Skip to main content

Touring the Old Three Villages

Printer-friendly versionPrinter-friendly version
Matthew Farfan

larger_Stanstead.Butters.Housejpg.JPGStanstead, which includes the old Three Villages of Stanstead Plain, Rock Island and Beebe, boasts one of the richest concentrations of heritage architecture in the Eastern Townships. The combined population of these three sectors of what is now "metropolitan" Stanstead is a whopping 3,000, give or take a dozen or so.

But nowhere else does a town this size have so much to offer in terms of heritage. In fact, Stanstead recently designated twelve of its buildings as official heritage sites. This is more than any other town this size in Quebec.

With no less than twelve churches or former churches, most of them dating back to the mid-to-late 1800s, two museums, a library and opera house, the Townships' oldest customs house, dozens of historic homes and public buildings of all periods and styles, and buildings and streets traversed by the international boundary, this town is a paradise for anyone who likes to combine walking with history. There is even a trail linking the three parts of town.

Last year, Stanstead released a brochure, called "Stanstead Heritage Tour." Published in English and French versions, and available at the town hall and outlets around town, this guide is lavishly illustrated with antique and modern photographs, and replete with anecdotes and lore about Stanstead's colourful past.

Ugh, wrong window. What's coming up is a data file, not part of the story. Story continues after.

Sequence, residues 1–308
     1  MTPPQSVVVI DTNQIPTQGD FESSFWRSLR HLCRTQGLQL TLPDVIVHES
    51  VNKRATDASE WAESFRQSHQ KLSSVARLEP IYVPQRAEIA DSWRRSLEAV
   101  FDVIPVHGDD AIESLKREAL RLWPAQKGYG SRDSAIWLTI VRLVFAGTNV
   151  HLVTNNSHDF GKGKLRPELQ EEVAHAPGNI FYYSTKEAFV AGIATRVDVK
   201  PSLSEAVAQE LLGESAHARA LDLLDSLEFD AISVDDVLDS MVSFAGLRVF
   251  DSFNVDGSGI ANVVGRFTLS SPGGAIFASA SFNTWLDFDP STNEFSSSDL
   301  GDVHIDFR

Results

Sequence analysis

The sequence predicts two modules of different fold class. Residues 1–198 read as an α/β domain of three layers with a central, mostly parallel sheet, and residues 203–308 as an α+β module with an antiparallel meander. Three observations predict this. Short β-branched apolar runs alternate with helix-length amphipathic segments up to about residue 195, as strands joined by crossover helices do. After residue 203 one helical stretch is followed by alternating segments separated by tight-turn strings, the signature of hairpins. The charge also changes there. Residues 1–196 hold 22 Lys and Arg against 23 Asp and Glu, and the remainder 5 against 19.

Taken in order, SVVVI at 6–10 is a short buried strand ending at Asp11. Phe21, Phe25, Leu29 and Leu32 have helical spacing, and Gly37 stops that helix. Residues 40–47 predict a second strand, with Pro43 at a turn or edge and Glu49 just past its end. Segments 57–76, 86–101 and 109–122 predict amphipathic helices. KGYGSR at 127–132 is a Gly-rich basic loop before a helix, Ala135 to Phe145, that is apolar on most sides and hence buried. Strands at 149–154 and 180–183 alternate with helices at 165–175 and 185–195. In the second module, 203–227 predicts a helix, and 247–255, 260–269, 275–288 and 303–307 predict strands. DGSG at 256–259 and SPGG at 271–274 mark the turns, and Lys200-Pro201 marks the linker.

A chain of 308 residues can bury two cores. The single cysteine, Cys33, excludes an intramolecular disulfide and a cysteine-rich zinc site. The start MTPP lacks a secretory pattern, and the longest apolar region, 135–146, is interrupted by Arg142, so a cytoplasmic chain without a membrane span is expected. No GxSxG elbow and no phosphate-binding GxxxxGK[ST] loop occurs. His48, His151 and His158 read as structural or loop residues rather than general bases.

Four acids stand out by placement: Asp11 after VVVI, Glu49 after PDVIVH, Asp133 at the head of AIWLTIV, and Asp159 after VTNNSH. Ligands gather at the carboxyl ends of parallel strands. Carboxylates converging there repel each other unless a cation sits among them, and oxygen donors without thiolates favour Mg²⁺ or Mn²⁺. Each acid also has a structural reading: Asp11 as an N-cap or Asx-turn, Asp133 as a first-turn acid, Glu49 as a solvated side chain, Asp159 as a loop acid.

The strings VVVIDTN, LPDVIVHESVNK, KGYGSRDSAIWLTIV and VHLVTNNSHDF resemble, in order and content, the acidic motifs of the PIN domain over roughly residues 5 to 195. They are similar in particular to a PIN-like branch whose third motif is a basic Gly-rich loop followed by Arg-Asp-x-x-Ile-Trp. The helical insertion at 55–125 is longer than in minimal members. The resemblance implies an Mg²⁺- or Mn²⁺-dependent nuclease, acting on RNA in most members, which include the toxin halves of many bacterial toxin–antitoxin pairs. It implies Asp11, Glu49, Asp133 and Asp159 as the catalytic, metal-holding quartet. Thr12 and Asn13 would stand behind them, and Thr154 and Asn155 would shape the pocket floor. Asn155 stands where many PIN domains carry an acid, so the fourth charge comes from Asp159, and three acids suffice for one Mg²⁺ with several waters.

Within its pages, visitors will discover such places as Centenary Church, the largest Protestant Church in the Eastern Townships, the Colby-Curtis Museum, Granite Central (a museum featuring exhibits of both granite and model trains), Stanstead College, the Haskell Free Library and Opera House, the "old double post office," an international building that once housed post offices for two different countries, and an international street called "Canusa."

Equally interesting are the anecdotes that one will learn. Such as the fact that Stanstead was long considered a haven for smugglers. Or that the town was home to Canada's very first car, built by local boy Henry Seth Taylor in the year of Confederation! Or that the international boundary is not where it should be. Or that Beebe is named after a convicted counterfeiter. Or that Montreal's Sun Life building owes its granite walls to Stanstead. Or that the Beatles almost reunited here!

Stanstead is the ideal place for a leisurely walking tour. There are lots of things to see along Dufferin Street, downtown (the heart of old Rock Island), or in Beebe, a picturesque village in its own right. There are two or three good restaurants, a café, a first-rate bakery, and some very nice parks, including one with a fountain right downtown.